Latent Variable Models for Indirectly or Imprecisely Measured Networks
MetadataShow full item record
In many scientific settings, networks are important structures used to represent the relationships between actors in a population of study. The most common methods for measuring networks are to survey study participants about who their connections are and to collect interaction activity between pairs of actors. However, directly measuring the exact network of interest can be challenging. In the context of surveys, participants do not always provide accurate accounts of their connections, which can result in mismeasurement of the network. In context of logged activity data, interactions do not directly quantify relationships between individuals or the propensity to interact in the future. In this thesis, we broadly conceptualize observed data from either source as manifestations from a latent network of interest, and we seek to use the former to infer the structure of the latter. In Chapter 2, we demonstrate how using mismeasured network data can affect subsequent inference, specifically in the setting of experiments on networks. In these experiments, individuals are not only influenced by their own treatment assignments, but also by those of their peers; these indirect treatment effects are often of direct scientific interest. In order to measure these indirect effects, researchers typically collect network data by surveying subjects about their connections. However, both survey design decisions and misreporting can lead to an observed network with mismeasurement. We show that mismeasured connections can in turn bias existing estimators of treatment effects, but this bias can be attenuated by explicitly accounting for (via a mixture model) the relationship between the observed, mismeasured network and the latent network of interest. An alternate source of network data to surveys are relational event data, consisting of interactions between pairs of actors over time. Typically recorded using automated data-gathering technology, relational event data can potentially sidestep design and misreporting issues more common in survey data but present their own additional modelling challenges. These events are typically measured in continuous-time and do not directly quantify relationships between actors, preventing their direct use in inference problems such as the experimental setting considered in Chapter 2. We propose a continuous-time point-process model for inferring a network of social relations from interaction data in Chapter 3. We allow the propensity for interactions to depend on time and covariates, in addition to the dynamic latent network, thus decoupling observed interaction counts from relational strength. In Chapter 4, we address another issue with modeling relational event data: the potentially large scale of the networks on which the data is collected. As data-gathering technology becomes more ubiquitous, relational event data is able to measure activity on networks of a much larger size than accessible via survey sources. Estimation for many existing models becomes computationally prohibitive on these networks. Focusing on a dynamic latent factor model, we embed a variational Bayesian approach within an online estimation scheme in order to model activity on a network with tens of thousands of nodes.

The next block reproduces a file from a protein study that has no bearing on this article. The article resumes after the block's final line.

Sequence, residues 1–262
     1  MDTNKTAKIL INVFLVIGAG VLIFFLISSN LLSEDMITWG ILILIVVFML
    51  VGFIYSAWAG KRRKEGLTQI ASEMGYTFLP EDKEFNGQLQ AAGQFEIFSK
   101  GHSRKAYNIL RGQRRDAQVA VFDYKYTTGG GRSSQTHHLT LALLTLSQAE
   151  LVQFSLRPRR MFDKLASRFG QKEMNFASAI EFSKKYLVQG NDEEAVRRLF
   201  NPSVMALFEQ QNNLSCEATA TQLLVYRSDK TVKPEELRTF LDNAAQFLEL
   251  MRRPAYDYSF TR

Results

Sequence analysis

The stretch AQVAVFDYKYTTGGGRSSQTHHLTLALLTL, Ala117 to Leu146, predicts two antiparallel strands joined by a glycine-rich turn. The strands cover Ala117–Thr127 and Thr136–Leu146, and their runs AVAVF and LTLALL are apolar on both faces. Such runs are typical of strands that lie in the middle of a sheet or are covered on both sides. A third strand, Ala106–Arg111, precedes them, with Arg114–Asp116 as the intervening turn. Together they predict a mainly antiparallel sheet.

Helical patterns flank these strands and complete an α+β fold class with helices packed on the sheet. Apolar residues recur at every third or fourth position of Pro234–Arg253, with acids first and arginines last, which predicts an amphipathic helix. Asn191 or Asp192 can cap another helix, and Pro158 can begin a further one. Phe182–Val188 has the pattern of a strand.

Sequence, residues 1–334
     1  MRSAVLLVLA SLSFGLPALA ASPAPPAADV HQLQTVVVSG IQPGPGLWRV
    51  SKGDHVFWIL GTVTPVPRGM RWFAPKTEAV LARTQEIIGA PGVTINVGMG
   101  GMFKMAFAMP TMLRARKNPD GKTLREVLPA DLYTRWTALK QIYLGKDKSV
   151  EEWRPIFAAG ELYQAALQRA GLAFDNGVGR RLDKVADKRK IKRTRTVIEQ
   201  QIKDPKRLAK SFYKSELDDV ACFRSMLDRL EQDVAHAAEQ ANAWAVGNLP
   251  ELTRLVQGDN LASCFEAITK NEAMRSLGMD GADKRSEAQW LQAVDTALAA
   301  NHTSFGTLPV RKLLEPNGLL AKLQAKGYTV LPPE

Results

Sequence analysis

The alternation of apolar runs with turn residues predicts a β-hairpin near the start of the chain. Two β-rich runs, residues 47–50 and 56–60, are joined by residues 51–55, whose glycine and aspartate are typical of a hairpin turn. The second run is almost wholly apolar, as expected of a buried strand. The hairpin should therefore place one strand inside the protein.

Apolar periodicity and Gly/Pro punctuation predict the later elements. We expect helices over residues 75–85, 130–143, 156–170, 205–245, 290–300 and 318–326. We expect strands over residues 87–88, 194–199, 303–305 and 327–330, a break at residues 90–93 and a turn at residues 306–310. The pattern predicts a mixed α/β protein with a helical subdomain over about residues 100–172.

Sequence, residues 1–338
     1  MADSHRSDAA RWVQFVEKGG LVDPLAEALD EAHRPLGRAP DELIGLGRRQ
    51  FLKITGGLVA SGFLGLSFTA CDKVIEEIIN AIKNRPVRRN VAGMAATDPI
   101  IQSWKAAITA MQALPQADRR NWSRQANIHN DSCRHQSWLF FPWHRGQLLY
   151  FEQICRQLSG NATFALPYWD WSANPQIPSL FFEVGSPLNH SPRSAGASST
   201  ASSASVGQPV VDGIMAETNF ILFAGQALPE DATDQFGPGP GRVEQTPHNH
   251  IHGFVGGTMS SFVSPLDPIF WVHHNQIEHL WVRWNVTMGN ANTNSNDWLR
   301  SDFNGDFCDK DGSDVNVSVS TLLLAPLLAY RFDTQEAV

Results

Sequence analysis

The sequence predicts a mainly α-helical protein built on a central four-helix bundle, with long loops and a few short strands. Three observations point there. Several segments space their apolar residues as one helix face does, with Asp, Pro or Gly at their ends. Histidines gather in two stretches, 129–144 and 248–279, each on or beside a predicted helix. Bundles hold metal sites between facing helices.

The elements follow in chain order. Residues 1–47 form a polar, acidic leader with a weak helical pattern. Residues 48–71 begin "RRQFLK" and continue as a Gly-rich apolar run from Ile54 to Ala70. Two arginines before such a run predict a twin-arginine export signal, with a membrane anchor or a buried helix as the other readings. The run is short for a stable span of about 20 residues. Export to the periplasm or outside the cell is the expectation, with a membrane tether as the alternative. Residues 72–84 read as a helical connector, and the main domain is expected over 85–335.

- Statistics